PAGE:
Tuesday, May 5, 2009

Apologies, and Beer Babbling

I must admit that I lied a little bit on my first post. I claimed that it was an Okacim clone that we brewed upon that fateful evening. But fear not gentle reader, I will tell you the real story. Tonight culminated the first part of our latest brewing adventure. I am going to take a bit of time to babble about our beer before bed. We racked the baltic porter over into a secondary fermenter, cleaned out the dead yeast from the bottom of the pail, and sent them to live in compost city! Now we wait a while longer for it to chill out, two weeks-ish, and then we'll be kegging this batch too!

The "almost Okacim" clone, dubbed as such because we've altered the brew to be our own by using a trappist ale yeast instead of the lager yeast traditionally used in baltic porters. The Baltic Porter style is characterized by a dark, complex flavor full of nut, malt, chocolate, licorice, etc. They usually run a pretty high gravity and often end up being in the 8-10%ABV range. These are some kickin' beers. Not for the faint of spirit. This is my favorite kind of beer that we've made so far. It's kinda becoming our club's signature beer.

This is our third time making a baltic porter. Previously to this we made an "almost Baltica" clone with ale yeast and another "almost Baltica" clone with trappist yeast. Taking the recommendation of the man down at the brew store, we ran slightly different direction with this brew by trying a different cloned recipe.

I really love brewing as a process from the beginning to the end. I love smelling the malted grains as we weigh them out at the shop and grind them. We taste the batch at every point in the process. From unfermented wort, sweet and thick, to skunked beer left out overnight. It's easy to snag a sip and really connects you to every phase of that beer's life. Our beer tastes amazing when it's warm and flat... and even better chilled and carbonated. It didn't even last long enough for me to take a good picture.
Not even bubbly yet

Next time at the GBC: This weekend, we're going to make ourselves some jihad wine to serve up some terr'st style lovin'

Tuesday, April 28, 2009

Kegging, no wait, ADVICE!

Now I'm not going to try to teach you how to deal with kegs from some position of authority. I've kegged exactly one brew. So far it's turning out as the best thing that has ever happened, so I'm willing to recommend the process. Here's a teaser shot of the cider absorbing CO2 at about 30 PSI. Should be really fizzy and tasty, especially when chilled.
Now, kegging is one of those things that when you're ready for it, you should already have a working relationship with the wonderful folks down at your local brew store. By the time you've gotten this far you've found your local brew store right? This place is the mecca of the home-brewer, or at least the local temple. There is nobody working there who doesn't love beer more than you can imagine. More than even I can imagine. Their wisdom flows freely, like good drink amongst better friends. Learn from the priests of the brew.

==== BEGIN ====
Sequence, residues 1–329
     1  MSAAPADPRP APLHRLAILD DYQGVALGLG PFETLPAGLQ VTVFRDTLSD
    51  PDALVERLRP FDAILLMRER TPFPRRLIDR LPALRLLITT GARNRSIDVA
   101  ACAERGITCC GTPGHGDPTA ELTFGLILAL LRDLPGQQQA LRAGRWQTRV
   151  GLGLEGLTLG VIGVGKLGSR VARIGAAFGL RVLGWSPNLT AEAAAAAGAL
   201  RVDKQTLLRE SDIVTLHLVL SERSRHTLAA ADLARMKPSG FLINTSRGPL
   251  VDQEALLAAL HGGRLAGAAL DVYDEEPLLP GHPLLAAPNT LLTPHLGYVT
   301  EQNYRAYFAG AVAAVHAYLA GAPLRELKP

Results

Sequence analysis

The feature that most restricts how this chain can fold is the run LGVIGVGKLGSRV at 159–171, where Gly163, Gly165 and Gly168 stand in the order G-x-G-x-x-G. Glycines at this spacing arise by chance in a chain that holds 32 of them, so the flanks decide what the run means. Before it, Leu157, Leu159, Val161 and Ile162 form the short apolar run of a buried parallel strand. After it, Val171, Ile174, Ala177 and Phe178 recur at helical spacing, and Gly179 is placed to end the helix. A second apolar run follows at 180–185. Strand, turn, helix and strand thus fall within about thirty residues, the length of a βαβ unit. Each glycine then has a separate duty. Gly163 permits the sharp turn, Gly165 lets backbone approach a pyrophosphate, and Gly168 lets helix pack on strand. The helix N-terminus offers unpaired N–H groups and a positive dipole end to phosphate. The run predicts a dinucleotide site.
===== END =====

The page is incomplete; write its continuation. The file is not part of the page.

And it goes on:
Okacim Update: It's bubbling away happily. Looks like another Baltic Porter win in our books. It's our third and is really becoming our signiture style thus far.

Sunday, April 26, 2009

Okocim Porter

Okocim Porter is dark black in color with a creamy, cappuccino-colored head. The nose is malty and sweet with traces of roasted malt. The full-bodied flavor is brimming with roasted malt and molasses with a nicely balanced hop presence. This porter finishes with an aftertaste dominated by dry roasted grains.

We started by boiling about a gallon of water and let it sit for a while, until it cooled to ~150deg F. Then we chucked in a sock full of our specialty grains!

12oz Weyerman Caramunich Malt
4oz Paul's Black Patent Malt
4oz Paul's Chocolate Malt
4oz Weyerman Dark Munich Malt

We let that sit for about twenty minutes before sparging with cold water from the hose, bringing our total up to about 1.5 gallons. Then we brought it to a boil again before removing it from our turkey fryer and adding the following ingredients.

12.25 pounds Pale Malt Extract
12oz Malto-Dextrin
1oz Brewers Gold Hop Pellets

We brought this up to a boil, yet again, and let it roll for 45 minutes-ish. Here is Max stirring with the trademarked Samurale brewstick.
Jon spent a good bit of time scraping and hacking at this log to turn it into a handmade stirring stick.
Somewhere in here we sanitized the bucket with Iodophor sanitizer.

At T-minus fifteen minutes we chucked in the final bit o' hops.

1/2oz Sterling Hop Pellets
To cool the brew quickly, we threw in the wort chiller and ran some cool water through this copper pipe dunked in the brew. Garden hoses are important for brewing!
Finally, right before buttoning up our brew bucket we added the final ingredient. The little yeastie beasties that do all of the work to make our beer a beer!

White Labs 500 Trappist Yeast

In 5-7 days, we need to move it over to the secondary fermenter. We also have 5 gallons of cider waiting for kegging!

Next time: We're going to set up the kegging system and get our cider under some pressure. Sweet fizzy fizzy go!